IFM Director of Medical Education Dan Lukaczer, ND, recently spoke with Liz Mumper, MD, on the topic of the pediatric intestinal microbiome—particularly how a dysbiotic microbiome in early life may lead to disease. Dr. Mumper is president and CEO of The Rimland Center for Integrative Medicine in Lynchburg, VA, which provides individualized biomedical evaluations, therapies, and pediatric care for children with neurodevelopmental problems and their families.
Dr. Mumper is also in general practice at Advocates for Children Pediatrics and is devoted to the care of children with autism and other neurodevelopmental problems, serving as the medical director of the Autism Research Institute for five years. She is a published author, conducts clinical research, and is an internationally known lecturer.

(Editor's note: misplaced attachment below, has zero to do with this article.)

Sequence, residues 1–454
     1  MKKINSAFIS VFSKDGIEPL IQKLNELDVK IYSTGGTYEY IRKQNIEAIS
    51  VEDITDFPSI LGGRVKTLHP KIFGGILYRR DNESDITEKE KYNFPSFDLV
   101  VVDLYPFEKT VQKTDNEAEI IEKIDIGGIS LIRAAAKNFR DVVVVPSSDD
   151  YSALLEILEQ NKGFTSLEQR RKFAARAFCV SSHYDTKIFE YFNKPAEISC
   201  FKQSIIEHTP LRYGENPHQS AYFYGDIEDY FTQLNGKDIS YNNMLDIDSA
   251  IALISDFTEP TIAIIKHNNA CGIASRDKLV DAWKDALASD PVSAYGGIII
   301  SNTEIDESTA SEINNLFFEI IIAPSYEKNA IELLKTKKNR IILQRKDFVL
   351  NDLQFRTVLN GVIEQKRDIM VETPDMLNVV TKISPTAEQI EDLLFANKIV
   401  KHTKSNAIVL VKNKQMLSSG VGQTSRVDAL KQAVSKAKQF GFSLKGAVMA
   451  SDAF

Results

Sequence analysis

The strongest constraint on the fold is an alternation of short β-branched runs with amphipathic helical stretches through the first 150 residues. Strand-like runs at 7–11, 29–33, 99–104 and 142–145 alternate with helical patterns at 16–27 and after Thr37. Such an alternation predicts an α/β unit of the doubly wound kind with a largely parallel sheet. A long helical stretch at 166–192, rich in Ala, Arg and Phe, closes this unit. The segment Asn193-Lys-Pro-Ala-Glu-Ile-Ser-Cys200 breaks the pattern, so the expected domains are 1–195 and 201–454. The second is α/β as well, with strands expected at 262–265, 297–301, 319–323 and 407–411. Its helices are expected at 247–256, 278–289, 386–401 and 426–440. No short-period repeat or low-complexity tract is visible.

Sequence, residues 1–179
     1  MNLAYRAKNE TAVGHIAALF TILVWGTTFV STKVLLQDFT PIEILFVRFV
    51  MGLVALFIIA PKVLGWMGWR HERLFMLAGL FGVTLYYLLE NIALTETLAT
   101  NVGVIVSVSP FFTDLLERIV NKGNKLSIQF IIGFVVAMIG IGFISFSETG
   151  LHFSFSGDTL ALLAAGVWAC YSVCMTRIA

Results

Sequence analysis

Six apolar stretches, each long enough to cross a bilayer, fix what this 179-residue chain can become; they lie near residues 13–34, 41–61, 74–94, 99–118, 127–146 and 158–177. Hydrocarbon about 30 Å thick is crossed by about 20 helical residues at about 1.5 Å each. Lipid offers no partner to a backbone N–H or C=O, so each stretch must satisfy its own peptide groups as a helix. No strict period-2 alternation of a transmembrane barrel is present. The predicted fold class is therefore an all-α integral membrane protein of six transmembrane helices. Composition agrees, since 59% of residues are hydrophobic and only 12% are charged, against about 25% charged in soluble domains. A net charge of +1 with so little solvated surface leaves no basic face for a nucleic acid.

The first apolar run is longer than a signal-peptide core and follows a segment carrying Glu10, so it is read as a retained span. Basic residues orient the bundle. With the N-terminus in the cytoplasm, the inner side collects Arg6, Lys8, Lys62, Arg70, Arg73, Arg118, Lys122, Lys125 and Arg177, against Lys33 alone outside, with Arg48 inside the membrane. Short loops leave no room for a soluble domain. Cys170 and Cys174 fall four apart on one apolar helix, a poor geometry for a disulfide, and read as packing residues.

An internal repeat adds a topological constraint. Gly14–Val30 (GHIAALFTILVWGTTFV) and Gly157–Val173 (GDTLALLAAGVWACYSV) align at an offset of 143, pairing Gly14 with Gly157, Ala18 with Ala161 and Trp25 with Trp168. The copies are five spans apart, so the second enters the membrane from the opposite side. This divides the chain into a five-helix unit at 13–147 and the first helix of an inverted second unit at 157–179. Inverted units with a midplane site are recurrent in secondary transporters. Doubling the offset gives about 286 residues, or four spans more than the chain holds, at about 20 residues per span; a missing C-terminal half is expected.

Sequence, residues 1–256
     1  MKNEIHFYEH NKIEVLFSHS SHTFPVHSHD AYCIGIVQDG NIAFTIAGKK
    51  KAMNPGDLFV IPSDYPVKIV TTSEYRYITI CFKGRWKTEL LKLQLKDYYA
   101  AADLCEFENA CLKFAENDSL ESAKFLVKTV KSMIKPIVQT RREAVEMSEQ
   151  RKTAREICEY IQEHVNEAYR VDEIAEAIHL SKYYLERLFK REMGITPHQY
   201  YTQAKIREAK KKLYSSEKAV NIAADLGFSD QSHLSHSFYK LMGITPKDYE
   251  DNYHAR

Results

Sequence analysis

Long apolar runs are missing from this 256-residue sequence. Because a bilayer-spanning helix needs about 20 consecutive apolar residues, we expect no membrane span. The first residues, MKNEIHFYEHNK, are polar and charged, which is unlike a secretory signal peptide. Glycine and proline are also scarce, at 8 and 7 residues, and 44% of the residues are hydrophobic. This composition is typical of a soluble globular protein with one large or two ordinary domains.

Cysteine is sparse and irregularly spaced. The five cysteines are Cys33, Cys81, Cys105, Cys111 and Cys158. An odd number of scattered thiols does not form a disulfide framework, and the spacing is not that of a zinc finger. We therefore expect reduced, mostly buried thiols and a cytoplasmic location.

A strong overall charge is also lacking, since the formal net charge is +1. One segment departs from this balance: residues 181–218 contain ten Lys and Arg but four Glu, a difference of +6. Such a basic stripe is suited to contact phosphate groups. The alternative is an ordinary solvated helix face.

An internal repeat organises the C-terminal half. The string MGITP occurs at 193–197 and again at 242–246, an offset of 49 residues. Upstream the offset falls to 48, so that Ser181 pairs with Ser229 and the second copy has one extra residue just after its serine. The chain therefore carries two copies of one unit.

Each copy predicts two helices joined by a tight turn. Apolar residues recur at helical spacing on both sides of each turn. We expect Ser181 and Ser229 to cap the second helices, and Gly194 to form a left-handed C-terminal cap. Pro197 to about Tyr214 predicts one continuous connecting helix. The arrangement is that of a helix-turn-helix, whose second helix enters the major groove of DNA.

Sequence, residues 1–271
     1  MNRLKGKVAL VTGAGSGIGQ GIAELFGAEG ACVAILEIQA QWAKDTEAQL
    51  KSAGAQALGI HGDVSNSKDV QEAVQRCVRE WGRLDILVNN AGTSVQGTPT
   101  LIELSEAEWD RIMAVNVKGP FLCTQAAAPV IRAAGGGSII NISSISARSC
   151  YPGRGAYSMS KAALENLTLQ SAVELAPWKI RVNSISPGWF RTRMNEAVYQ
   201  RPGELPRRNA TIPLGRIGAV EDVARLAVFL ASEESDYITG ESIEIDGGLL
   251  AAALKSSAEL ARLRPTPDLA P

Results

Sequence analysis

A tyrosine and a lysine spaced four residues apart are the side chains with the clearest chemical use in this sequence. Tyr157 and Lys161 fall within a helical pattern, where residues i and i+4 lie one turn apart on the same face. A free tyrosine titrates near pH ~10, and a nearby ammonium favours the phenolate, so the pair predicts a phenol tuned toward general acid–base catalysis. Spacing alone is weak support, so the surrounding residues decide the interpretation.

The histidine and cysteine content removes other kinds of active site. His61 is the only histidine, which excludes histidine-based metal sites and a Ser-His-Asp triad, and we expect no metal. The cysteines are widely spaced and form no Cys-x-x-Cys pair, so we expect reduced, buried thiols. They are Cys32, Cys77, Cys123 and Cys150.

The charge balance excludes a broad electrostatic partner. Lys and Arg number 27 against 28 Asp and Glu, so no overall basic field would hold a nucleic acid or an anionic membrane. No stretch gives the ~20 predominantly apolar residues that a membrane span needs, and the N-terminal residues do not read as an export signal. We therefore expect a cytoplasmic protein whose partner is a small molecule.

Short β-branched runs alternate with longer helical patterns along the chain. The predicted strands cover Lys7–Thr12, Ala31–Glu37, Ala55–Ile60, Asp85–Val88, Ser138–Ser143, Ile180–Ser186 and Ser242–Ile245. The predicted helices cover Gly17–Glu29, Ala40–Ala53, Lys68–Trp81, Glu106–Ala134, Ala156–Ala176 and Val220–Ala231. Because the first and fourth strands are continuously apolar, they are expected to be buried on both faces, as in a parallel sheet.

In the following interview, Dr. Mumper shares her extensive knowledge and clinical insights on children experiencing a disturbance in normal gut microbiota and associated neurological symptoms. “There is some evidence that the microbiome you get in your first year is the framework of what you’ll have for the rest of your life,” says Dr. Mumper. “Not that you can’t improve upon it, but it’s very difficult to take a very dysbiotic gut microbiome in the first year of life and make it pristine.” For more, listen here:
The following text gives a bulleted breakdown of some of the topics discussed in the podcast linked above.
Factors Influencing the Pediatric Intestinal Microbiome:
- High prevalence of C-section births
- Importance of breastfeeding
How to Restore a Dysbiotic Gut Microbiome:
- Nutritional therapy
- Effectiveness of multi-strain probiotics
- Enhancing the immune system
Connections Between Intestinal Dysbiosis and Autism Spectrum Disorder:
- Emphasis on early detection
- M-CHAT formal screening at 18 months or two years
- Healing the GI tract
- Strengthening the immune system
- Promoting healthy sleep habits
Dr. Mumper will be one of the expert speakers appearing at IFM’s 2020 Annual International Conference (AIC).